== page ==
An Abandoned Long Island Farmhouse Sat Untouched For Forty Years… Until Now

This house you are about to walk into has been vacant for over 40 years. The house has been waiting there until someone was brave enough to come in and tell its story. Photographer Bryan Sansivero was granted special access to this abandoned farmhouse and document a house unlike any other.

Stepping Back In Time 

Sansivero specializes in photographing abandoned spots, but even he was surprised to see this one. He said, “It’s amazing how hidden the home was. It was surrounded by a busy community,” he shared. “Many people here had no idea the house even existed.” This house was like going back in time, with a haunting revelation that Bryan did not expect to find. 

A Facade That's Falling Apart

Between exposure to the elements and years of neglect, this Victorian home is no longer the impressive property that it was but in a rather horrific state. The farmhouse was built in 1860. You are looking at the front of the house where the main entrance is.

This nine-acre farm also has a garage, smokehouse, milk house, carriage house, horse barn, and smaller animal barns as well. Sansivero said, "I hope that my pictures can in some way help contribute to the restoration of such a beautiful and historically significant home."

Commack, New York

The farmhouse stands in Commack, New York. Commack covers 12 square miles and is known for the bountiful soil and lands. The area of Commack today is almost all suburbanized, making this farmhouse that much more special. 

The property dates back to 1701 (while the main house was built in 1860 as we mentioned earlier). This is one of the oldest properties in the area and takes up a large amount of space. 

Neglected For Years, But Filled With Historic Treasures

Sansivero went into the Marion Carll Farmstead on more than one occasion as he was given special access by the district. He said, "each time I visited I would uncover more items and many priceless antiques."

The house revealed more historic pieces as it stood for so long and went through many periods of transition in the country. The property is now empty, but Sansivero managed to snap these photos to memorialize the property and the treasures inside. 

About Marion Carll

So, who was Marion Carll? Well, Marion was a significant member of the community and a supremely respected teacher in the area. She put together the very first Parent Teacher Association, as well as had a grammar school named in her honor in 1957.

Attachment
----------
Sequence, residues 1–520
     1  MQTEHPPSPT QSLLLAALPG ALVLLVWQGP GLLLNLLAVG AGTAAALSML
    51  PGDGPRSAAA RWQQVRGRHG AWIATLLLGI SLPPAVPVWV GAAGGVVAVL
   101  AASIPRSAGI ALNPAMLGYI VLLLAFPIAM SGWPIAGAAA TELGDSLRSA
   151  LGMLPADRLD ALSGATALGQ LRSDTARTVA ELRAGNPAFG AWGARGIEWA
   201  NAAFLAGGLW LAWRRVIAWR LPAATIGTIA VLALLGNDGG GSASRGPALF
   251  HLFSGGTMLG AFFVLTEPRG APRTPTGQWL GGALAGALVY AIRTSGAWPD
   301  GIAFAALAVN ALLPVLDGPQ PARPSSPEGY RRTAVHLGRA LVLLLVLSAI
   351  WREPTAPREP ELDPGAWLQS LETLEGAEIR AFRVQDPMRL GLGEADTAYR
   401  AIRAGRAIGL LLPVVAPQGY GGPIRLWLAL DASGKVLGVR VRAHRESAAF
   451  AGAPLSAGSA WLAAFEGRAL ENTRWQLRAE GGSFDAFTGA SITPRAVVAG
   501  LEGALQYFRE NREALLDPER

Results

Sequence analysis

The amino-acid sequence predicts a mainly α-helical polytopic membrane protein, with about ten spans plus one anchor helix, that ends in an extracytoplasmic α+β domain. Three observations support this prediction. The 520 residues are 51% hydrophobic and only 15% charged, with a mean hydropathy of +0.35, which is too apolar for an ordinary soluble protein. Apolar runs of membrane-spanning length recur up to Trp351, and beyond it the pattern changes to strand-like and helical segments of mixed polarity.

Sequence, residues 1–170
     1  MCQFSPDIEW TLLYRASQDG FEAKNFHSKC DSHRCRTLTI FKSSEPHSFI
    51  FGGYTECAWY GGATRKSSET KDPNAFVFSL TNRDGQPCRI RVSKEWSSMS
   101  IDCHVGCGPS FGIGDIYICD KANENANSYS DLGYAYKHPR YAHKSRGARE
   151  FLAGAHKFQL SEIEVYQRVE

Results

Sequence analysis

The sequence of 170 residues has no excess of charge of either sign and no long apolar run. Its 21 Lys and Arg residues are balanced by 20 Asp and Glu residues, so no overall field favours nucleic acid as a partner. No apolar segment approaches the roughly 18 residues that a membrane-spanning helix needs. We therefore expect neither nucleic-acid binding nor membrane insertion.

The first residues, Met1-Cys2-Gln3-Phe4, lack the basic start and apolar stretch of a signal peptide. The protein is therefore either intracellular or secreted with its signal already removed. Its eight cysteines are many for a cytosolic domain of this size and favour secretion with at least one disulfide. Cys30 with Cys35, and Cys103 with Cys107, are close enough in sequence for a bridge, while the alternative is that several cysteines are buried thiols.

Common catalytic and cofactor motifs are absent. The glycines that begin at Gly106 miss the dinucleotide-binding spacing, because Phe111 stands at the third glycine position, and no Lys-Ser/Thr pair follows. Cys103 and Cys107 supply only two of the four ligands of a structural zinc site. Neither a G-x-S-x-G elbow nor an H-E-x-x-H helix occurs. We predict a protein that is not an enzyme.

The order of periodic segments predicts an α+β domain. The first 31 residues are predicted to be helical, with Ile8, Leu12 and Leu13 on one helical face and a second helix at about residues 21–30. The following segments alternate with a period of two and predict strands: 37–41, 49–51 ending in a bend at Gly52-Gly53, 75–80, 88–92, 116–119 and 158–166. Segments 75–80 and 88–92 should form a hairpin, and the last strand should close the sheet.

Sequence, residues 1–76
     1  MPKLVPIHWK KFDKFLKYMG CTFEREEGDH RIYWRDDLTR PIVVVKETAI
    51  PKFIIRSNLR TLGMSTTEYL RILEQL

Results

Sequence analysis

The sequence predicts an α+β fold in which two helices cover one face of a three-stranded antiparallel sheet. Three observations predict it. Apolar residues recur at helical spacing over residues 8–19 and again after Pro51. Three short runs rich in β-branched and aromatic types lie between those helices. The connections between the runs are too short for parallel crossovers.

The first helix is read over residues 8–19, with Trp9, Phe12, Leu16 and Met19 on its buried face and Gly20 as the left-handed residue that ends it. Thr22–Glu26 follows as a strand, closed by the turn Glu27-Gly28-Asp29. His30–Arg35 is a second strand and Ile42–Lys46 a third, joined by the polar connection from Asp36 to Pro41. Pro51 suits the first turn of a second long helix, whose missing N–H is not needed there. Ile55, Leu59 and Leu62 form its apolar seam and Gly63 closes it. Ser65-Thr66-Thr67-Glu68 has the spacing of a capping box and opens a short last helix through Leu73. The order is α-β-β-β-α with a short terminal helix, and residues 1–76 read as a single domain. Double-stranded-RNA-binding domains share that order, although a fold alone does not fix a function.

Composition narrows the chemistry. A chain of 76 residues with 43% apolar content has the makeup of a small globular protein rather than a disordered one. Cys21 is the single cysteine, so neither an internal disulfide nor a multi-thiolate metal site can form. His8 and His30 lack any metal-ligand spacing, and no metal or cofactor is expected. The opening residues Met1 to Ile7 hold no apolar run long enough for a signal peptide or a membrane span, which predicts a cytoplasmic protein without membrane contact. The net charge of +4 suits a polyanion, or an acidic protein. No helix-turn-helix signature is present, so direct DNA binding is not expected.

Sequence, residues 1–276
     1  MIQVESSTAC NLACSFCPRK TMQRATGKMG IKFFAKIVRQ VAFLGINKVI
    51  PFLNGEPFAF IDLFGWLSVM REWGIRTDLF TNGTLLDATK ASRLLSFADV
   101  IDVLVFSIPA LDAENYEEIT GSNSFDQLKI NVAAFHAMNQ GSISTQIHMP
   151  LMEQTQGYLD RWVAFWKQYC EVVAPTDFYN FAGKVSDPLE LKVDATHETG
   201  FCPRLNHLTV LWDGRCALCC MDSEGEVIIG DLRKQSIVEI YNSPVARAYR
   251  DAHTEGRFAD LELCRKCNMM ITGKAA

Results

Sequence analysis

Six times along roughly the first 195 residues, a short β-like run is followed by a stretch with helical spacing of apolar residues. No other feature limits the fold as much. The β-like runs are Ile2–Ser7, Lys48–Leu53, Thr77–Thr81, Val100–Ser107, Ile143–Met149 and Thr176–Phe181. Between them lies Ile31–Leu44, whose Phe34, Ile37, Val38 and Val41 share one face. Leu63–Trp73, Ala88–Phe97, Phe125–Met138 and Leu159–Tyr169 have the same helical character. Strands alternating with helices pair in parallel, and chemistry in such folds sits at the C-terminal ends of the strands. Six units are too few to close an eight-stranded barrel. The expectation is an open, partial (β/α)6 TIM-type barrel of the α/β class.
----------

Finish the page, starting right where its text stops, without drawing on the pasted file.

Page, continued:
Due to the fact that Carll's life revolved around education, she left her whole property to the Commack School Board and District, with the only caveat being that the property be used for historical and educational purposes. 

Carll's Tried To Preserve History

Marion loved history as much as she loved education. As such, she wanted to preserve the farmhouse to remain as close to its original form as possible, despite updates that may have been needed to the house.

The house is full of antiques and historically significant pieces as a result of that. "Even though it's been abandoned since 40 years ago when Marion Carll passed, it appeared as if she was living in another century completely," says Sansivero.

The House Is Linked to Walt Whitman

This is a stack of family photos that belonged to the Carll family. Huntington's Hidden Past, a book written by Kerriann Flanagan Brosky, revealed a lot about this family and their estate:

"The land on which the farm stands, off Commack Road, was originally inhabited by members of the Secatougue Indian tribe. According to a deed of record from 1698, the Indians conveyed the parcel of land to John Skidmore and John Whitman, great-great-great grandfather of poet Walt Whitman."

Dangerous Stairs

This is the main house's main staircase. This may not look like much but it was a sight for sore eyes when it was built in 1860. There is an identical flight of stairs that brings you to the basement, but that staircase was in deplorable condition.

"We were only in the basement once and I did not get any pictures of it. The stairs collapsed as we were going back up," Sansivero said. There is danger around every corner in a house this old.

An Incredible Discovery In The Parlor

Imagine this room without the debris and dust everywhere. If you were able to do so then you would have seen the room as it was when Marion lived there. The piano would have been played time and again, filling the house with beautiful music.

This find is an incredible one as this piano is intricately carved and in good condition considering the age and condition of the rest of the house. Families typically gathered around the piano to play and sing. 

Many Historical Relics

There were many historical relics around the house. Many types of glass bottles were splayed on top of pieces of furniture around the house. Today, these kinds of bottles are a collector's prized possession. Some bottles had medicine inside of them, while others had olive oil.

The booklet seen here reads: "Program of the Thirty-Third Annual Sea Girt Interstate Tournament." This specific tournament was sponsored by the Association of American International Riflemen, the 33rd of which was in 1926.